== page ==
837ft gain/37118ft loss. 7.6 miles. What goes up, must come down. Down, like a meteor streaking earthward from the heavens, down. Like falling off the top of the Empire State building, down like a runaway freight train off a cliff, down…You get the picture. We awake to a crisp 38 degree day, shrouded in clouds again, and the drenching from last night has soaked all the brush here on ridge line. It may not be raining right now, but might as well be, for walking through the wet huckleberry and heather that lines the trail, no, encroaches upon it, is the same as turning a garden hose on, and spraying yourself with it. Beating the brush with the trekking poles helps, and every time you take a whack at it, you are rewarded with a large spray of soaking water. Real nice.
“With my outlook meter pegged at “bleak”, we continue the up and down then up and down as the trail follows the top of ridge line…”
The likelihood that this is going to improve my outlook any at all has approached the million to one shot now. With my outlook meter pegged at “bleak”, we continue the up and down then up and down as the trail follows the top of ridge line, me hacking at brush with every step. Thanks, North Cascades… Rounding a point on the ridge, we drop down into heather and rock filled meadows, very pretty even in the gathering fog and mist. Reminds me of pictures that I’ve seen of the Scottish Moors….
As soon as we reach it, we are rewarded with a quick break in the clouds that allows us views of Bear and Indian Mt. We continue our descent to the river bottom, and before we reach the switchbacks that will carry us to the rivers’ edge, we hear something large going through the brush in front of us. Crossing the trail about 30 yards in front , a large black bear goes crashing through the wet brush, heading pell-mell downhill like a runaway steam roller, water flying in the air as the underbrush gives way to his headlong descent. No time to take a picture, he’s gone within seconds…Well, at least we got to see him.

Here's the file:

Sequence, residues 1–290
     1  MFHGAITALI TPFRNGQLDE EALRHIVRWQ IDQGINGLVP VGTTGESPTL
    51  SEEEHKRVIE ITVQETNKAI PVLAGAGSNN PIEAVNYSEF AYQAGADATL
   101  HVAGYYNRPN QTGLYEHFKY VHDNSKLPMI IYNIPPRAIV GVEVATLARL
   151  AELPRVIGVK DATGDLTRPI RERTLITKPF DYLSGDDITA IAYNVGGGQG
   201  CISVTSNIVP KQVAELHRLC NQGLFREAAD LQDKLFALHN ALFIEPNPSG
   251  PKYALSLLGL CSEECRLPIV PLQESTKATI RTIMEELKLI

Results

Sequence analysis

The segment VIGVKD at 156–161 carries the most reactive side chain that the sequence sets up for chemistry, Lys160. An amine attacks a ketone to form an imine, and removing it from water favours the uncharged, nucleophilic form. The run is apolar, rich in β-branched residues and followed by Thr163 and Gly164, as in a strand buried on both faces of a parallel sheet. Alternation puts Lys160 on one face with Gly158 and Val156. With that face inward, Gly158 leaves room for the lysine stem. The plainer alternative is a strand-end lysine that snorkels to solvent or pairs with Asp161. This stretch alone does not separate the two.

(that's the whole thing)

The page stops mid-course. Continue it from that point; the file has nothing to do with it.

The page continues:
“Nope. Not to be. Freakin’ North Cascades!”
The constant switchbacks get us to the river about as quickly as possible. Seems the only way quicker to the bottom would be a toboggan run…Knees and ankles complaining more than me, it’s a relief to see something flat for a change, even if it is river bottom. The trail ends unceremoniously at the river’s edge, and there is foot prints leading left and right from here, probably looking for a dry way across. Nope. Not to be. Freakin’ North Cascades! So, we pull off our boots, (Almost crossed with boots on, our feet were already so damp from beating the wet brush), and crossed in bare feet.
It looked shallow here, and fairly narrow, but in bare feet in ice cold water, the rocks underfoot seemed sharp and pointed, intent on drawing blood and pain from our tender soles. That “short” walk seemed to go on forever, and it was a welcome relief to finally reach the opposite banks. Pulling wet socks and boots back on, we go another 100 yards or so, and…Another river crossing??!!! Are you kidding me??! North Cascades!!! This time, there is a little bit more intent on finding a way across that does not include bare feet. It’s at this point, after studying the water a little more closely, that we spot several salmon that have arrived to spawn, their sides a scarlet red. Very pretty, against the blue water.
“…looking every bit like one of those sliding, scratching, trying to hang on before hitting the drink type of skid marks….”
Greg and I both find ways across the river, and the log that I take has several bear claw grooves, looking every bit like one of those sliding, scratching, trying to hang on before hitting the drink type of skid marks. Safely across, it’s not long before we reach our next camp at Indian Creek, and we are the only ones here. We pick the best spot, and set about finding firewood, as it’s permissible to build small campfires in the provided fire rings. A welcome relief it will be to get warm, and dry wet boots and clothes by the fire. Within 45 minutes we have enough tinder for the evening, and set about building a nice fire. Later, we would build a drying rack for our soggy belongings. Dinner, then a relaxing time spent around a warm fire before turning in. It was so nice to be near a fire and get dry after two soaking days. The camp here along the river basin is set in old growth forest, so there’s not much to see. At least, there are no mice here to bother us…